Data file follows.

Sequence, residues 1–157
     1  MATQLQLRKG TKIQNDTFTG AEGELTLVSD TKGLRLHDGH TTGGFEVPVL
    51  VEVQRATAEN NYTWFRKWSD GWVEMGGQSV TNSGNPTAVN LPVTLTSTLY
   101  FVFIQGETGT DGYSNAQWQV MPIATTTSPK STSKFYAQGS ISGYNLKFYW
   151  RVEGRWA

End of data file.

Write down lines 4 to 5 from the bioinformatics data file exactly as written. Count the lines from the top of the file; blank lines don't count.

   101  FVFIQGETGT DGYSNAQWQV MPIATTTSPK STSKFYAQGS ISGYNLKFYW
   151  RVEGRWA